Miller Park is perfection, a wonder, a technological marvel of engineering.

But, oh, for the slapdash days of bygone baseball, when grandstand fans in bleacher seats could smell the grass and taste the dust kicked up on a sunny afternoon.

In other words, any of the days when Babe Ruth, Ty Cobb, Jackie Robinson and Satchel Paige played at Milwaukee’s rough and tumble Borchert Field.

“It went back to 1888, and it stood until 1952 — 64 years,” says Bob Buege, who brings the field back to life in his new book, Borchert Field: Stories from Milwaukee’s Legendary Ballpark.

Largely forgotten today, Borchert Field lasted the same number of years as Miller Park and County Stadium — combined.

Borchert Field was built so long ago that it predates some baseball standards. “Casey at the Bat” was published two weeks after it opened, and “Take Me Out to the Ball Game” would not be written until a decade later.

But tales of baseball’s legends can blind us to real concerns of fans at the time.

Fire was such a threat that children were hired to look for burning cigarette butts that dropped beneath the stands. The field was already creaky in 1940, when a blizzard collapsed part of an infield wall. In 1944, a windstorm flattened the entire left field fence. Two months later, during a game, wind lifted and carried off half the grandstand roof.

The field’s structures were built completely of lumber. “Some of it was used lumber,” Buege says. “They signed the contract to build it in February of 1888.” The contractor’s agreement specified that the park “had to be ready by opening day,” which was in May. And it was completed. From that, you can draw your own conclusions about the — strength, let’s say? — of the superstructure.”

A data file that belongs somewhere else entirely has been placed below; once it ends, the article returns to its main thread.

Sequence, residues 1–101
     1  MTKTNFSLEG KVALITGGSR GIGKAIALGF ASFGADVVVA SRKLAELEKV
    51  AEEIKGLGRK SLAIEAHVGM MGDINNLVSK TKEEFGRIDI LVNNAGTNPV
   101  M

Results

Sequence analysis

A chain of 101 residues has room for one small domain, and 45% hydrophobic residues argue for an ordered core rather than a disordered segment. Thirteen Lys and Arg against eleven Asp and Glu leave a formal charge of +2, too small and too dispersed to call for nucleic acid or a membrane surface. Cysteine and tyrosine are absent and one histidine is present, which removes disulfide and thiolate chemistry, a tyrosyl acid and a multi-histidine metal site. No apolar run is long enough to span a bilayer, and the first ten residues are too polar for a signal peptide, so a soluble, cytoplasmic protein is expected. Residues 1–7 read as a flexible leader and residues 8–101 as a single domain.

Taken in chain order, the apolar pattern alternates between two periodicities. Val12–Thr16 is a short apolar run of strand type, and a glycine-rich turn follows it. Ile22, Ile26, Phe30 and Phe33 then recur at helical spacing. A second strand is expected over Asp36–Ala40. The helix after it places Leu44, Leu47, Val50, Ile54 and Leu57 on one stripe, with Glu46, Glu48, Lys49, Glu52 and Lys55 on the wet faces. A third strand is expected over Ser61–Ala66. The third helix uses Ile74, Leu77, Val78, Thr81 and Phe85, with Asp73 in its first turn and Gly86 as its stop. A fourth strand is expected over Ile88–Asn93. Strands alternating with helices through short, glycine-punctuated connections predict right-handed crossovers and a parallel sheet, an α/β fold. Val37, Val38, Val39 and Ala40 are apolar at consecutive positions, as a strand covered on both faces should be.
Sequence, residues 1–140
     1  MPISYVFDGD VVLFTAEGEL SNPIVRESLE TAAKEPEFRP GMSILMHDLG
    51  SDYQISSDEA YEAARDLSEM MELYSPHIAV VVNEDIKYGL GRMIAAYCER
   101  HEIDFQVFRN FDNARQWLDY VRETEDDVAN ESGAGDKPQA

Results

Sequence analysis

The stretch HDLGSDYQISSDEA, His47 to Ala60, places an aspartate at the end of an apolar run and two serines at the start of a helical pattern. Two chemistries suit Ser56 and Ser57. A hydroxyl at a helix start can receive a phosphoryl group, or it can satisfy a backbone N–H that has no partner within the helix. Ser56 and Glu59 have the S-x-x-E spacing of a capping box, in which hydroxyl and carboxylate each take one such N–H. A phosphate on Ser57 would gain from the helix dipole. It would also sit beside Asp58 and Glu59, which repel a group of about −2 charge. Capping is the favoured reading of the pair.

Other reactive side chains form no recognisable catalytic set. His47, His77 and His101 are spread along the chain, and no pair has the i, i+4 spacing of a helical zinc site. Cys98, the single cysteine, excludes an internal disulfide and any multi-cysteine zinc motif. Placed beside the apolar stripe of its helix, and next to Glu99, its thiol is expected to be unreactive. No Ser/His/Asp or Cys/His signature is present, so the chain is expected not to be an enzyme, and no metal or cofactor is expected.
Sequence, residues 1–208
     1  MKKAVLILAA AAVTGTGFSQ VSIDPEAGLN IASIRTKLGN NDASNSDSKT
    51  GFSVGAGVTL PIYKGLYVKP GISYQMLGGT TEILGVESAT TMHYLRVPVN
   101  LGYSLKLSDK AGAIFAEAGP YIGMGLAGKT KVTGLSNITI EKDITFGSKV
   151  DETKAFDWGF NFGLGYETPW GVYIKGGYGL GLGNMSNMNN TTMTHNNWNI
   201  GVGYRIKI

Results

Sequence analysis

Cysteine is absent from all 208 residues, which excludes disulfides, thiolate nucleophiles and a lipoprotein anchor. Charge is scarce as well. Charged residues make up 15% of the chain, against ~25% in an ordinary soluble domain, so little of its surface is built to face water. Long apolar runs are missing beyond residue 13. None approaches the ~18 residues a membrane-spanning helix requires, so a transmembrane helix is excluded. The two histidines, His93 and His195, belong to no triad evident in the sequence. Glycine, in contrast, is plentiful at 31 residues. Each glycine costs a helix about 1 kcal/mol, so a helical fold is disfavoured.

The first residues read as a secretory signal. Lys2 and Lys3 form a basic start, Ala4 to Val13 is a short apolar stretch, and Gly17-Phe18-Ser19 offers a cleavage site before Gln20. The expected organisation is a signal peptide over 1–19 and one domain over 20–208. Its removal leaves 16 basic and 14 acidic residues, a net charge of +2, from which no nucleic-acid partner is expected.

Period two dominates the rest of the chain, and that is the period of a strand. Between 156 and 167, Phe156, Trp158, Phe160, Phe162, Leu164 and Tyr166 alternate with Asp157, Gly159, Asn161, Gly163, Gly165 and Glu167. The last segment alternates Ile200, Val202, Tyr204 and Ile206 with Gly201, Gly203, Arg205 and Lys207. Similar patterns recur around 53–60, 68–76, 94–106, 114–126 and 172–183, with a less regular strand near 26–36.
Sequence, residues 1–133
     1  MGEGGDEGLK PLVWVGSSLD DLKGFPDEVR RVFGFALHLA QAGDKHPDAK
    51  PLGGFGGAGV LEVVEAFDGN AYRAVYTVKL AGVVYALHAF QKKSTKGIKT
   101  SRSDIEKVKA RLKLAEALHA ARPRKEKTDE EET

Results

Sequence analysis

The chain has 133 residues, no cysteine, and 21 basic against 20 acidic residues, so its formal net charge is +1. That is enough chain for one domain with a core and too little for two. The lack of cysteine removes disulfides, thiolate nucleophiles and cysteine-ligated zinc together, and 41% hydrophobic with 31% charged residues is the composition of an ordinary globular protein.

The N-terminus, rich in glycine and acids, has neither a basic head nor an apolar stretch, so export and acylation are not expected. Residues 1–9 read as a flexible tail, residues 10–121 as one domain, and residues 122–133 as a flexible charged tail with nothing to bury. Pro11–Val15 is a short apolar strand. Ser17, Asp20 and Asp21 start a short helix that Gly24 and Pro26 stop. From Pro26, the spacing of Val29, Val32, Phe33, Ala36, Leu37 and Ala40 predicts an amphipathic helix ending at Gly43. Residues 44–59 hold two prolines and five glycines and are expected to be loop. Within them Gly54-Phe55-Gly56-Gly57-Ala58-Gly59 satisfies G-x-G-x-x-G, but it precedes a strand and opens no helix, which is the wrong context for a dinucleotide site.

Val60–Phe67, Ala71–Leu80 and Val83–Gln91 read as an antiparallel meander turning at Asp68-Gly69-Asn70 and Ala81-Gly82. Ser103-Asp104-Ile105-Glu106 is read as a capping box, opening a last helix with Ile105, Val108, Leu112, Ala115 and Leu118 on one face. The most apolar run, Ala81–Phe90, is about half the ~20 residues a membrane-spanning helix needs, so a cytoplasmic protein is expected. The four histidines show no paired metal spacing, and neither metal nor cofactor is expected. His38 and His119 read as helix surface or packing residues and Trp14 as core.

The field took up a full city block bordered by North Seventh, Eighth, Chambers and Burleigh streets. The area was excavated to build I-43.

“For a city the size of Milwaukee, that was somewhat exceptional,” he says. Still, it was a tight fit, and accommodations had to be made for its shape.

“It was just shoehorned into a neighborhood, says Buege. “Thirty feet away, you had houses.”

The left and right field fences were close, and whichever side you sat on, you saw only one-half of the outfield. The owner of an opposing team once quipped, “To see the whole field at Borchert Field, you have to buy two tickets. One for today and one for tomorrow, and then sit on opposite sides.”

Leagues back then had to fit parks into available spaces. “It’s not like they bought up land for many acres around,” says Buege. “There was no open land outside the park. There was no parking whatsoever. Of course, there were no cars when it was built!”

Tales of legends

In addition to his new book, Buege is the author The Milwaukee Braves: A Baseball Eulogy, as well as Eddie Mathews and the National Pastime. He’s president of the Milwaukee Braves Historical Association, director of the Old Time Ballplayers Association of Wisconsin and a member of the Society for American Baseball Research.

As such, Buege knows baseball’s stories intimately.

Countless legends crossed Borchert’s home plate, he says. The field was home to the Milwaukee Chicks, part of the All-American Girls Professional Baseball League, as well as the Milwaukee Bears, the city’s National Negro League team. Shoeless Joe Jackson and five other of his fellow “Black Sox” played as All Stars there.

Connie Mack finally gave up being a catcher when he managed the original Milwaukee Brewers at Borchert from 1897 to 1900. That organization, one of the oldest in baseball, survives today under a different name: the Baltimore Orioles.

Borchert Field was by far the oldest standing major league ballpark when it was demolished in 1952, after County Stadium opened. Its remains were given away as kindling to anyone interested.

In bookstores

Borchert Field: Stories from Milwaukee’s Legendary Ballpark by Bob Buege was recently published by Wisconsin Historical Society Press.

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